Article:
The white paint that covers many of the building facades in Al-Hussein, a refugee camp in Amman, Jordan, is chipping and peeling after decades of wear. Established back in 1948, the camp originally provided shelter for the displaced during the Palestinian exodus of the Arab-Israeli war. Today, almost 70 years since its opening, Al-Hussein still functions as one of 10 such camps in Jordan, which is currently home to more than two million Palestinian refugees.
Barcelona-based artist Pejac recently visited Al-Hussein and transformed some of the peeling walls on its streets into subtle silhouetted scenes. Instead of adding color, the artist worked by subtraction: He carefully removed bits of chipping white paint to expose shapes in the dark wall beneath, creating pictures reminiscent of Kara Walker‘s black cut-paper silhouettes.
“I had the idea of partially removing the paint of the walls’ skin, almost like a surgeon, to obtain each of the images that I had in mind,” Pejac tells Hyperallergic. “It’s a way of saying that the images where already there, in a latent form but always alive in the memory of each house and family. To find the perfect chipping walls, I walked all over Al-Hussein, studying, touching and testing countless walls to find the perfect chipping walls, talking with the house owners and neighbors, learning their unique stories and enjoying their overwhelming hospitality.” A stairway’s wall now features a silhouette of a boy flying a kite; a fence pictures migrants on horseback; the sides of a home depict bulldozers on a construction site and progressively shrinking maps of Palestine.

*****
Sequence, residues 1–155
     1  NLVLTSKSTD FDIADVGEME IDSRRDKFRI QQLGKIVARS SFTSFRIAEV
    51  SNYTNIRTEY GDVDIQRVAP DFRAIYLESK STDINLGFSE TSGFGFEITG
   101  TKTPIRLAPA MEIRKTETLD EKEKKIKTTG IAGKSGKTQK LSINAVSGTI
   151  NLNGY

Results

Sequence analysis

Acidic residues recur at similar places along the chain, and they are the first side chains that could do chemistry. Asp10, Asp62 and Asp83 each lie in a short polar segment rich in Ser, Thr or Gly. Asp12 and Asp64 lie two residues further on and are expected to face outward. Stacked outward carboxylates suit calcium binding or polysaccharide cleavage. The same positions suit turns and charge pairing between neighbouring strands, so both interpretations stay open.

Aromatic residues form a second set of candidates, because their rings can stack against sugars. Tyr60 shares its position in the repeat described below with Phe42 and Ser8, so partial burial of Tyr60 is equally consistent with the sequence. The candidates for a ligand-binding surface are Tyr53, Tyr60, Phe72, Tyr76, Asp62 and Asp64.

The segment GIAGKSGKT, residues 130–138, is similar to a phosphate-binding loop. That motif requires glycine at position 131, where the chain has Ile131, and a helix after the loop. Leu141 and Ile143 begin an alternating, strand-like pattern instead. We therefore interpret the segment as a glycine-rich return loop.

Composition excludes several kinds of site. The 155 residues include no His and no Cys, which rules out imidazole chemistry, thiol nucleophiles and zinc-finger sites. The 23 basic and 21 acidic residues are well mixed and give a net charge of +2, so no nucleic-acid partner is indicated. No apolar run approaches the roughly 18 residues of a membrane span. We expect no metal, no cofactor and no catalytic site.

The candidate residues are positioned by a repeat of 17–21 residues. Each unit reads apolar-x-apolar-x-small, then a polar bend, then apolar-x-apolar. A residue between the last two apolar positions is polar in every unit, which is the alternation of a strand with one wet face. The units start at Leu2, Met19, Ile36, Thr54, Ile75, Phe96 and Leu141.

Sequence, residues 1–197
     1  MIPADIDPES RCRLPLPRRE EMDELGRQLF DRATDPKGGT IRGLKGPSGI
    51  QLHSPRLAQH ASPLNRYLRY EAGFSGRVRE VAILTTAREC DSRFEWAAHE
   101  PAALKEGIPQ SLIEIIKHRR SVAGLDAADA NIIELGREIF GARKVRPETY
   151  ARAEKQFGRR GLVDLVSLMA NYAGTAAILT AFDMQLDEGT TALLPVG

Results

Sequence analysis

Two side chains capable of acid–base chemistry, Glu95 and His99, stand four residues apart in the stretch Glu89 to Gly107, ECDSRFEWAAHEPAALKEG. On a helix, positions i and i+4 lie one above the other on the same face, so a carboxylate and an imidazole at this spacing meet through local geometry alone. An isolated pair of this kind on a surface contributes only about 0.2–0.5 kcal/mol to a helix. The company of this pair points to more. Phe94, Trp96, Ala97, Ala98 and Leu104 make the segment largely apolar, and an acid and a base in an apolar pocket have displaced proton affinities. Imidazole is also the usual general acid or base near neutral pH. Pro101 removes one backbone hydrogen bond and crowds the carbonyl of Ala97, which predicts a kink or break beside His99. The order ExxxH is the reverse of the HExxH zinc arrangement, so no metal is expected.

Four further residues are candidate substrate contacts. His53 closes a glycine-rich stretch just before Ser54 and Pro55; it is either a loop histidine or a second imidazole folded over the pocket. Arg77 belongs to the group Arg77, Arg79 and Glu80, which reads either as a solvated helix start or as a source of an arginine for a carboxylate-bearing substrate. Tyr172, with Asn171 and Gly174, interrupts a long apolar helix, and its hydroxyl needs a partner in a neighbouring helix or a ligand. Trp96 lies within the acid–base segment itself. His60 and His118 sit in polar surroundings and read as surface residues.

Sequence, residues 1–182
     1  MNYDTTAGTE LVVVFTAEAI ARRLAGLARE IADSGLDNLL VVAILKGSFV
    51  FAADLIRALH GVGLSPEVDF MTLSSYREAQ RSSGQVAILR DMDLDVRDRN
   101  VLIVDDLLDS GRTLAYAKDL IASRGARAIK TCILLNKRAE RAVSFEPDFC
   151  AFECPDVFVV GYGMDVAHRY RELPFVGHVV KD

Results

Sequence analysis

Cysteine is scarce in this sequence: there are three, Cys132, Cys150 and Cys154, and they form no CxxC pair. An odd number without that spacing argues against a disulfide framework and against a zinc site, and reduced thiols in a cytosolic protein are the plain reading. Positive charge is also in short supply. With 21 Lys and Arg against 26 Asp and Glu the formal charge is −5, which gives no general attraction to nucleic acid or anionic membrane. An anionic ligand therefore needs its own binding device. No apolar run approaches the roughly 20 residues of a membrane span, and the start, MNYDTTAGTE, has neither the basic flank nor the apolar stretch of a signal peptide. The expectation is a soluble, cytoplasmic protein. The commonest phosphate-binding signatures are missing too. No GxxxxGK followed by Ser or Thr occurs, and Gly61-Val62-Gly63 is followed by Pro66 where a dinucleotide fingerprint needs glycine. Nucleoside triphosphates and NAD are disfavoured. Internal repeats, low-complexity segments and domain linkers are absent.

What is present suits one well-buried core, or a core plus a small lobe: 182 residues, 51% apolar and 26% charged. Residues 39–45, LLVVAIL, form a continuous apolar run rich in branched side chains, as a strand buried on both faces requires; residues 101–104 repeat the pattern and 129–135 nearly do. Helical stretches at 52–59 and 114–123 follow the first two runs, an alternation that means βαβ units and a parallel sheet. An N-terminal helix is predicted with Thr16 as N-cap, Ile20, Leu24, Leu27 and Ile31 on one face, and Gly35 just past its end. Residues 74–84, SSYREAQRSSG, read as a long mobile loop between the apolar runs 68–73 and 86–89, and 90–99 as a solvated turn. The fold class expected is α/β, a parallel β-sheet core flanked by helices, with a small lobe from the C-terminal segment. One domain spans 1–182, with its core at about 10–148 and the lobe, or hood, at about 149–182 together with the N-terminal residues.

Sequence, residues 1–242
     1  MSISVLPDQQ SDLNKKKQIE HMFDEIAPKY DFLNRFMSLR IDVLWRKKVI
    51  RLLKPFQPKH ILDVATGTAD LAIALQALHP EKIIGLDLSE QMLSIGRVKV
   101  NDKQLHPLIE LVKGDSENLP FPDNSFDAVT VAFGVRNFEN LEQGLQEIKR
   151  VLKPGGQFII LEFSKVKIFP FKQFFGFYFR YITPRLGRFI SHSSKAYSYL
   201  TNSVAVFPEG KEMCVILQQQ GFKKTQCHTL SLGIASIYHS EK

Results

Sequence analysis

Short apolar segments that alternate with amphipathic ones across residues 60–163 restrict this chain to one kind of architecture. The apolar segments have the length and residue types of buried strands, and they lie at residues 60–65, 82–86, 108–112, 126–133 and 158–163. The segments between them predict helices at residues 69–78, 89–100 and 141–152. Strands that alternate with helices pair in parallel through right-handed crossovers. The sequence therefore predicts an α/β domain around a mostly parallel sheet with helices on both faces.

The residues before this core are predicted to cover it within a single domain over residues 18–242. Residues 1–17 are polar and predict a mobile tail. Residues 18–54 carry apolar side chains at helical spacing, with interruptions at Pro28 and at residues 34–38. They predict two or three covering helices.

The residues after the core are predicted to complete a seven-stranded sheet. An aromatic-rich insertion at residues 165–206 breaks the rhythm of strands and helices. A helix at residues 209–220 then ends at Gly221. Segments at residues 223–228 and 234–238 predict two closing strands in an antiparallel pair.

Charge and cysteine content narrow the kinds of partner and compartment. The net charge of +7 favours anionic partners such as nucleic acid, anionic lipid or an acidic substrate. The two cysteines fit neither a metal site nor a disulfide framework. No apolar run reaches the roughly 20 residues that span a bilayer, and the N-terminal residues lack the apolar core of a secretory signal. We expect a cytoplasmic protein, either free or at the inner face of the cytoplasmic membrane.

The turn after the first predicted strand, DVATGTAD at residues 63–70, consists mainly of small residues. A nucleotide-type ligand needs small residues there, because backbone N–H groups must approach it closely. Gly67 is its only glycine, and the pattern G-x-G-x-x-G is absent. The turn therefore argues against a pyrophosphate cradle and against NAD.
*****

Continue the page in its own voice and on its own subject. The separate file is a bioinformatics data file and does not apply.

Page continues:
The project, completed with support from the Spanish Embassy in Amman, turns the peeling walls’ gray blobs into intentional parts of these landscapes; they become mountains, floors, clouds, and abstract speckled textures. Instead of the bold, in-your-face statements for which many street artists are known, Pejac makes work that camouflages with the existing cityscape. From tiny window drawings to a painting of a world map draining into a sewer, his pieces usually work with a given city’s readymade canvas instead of against it.
”With these four small interventions, I am trying to tell a minimalistic story about the Palestinian refugees in Al Hussein,” Pejac says. “By removing small areas of the ‘skin’ of the houses, I want to transform the paint chipping, produced by the passage of time, into evocative landscapes and transmit the pride of its inhabitants through the walls.”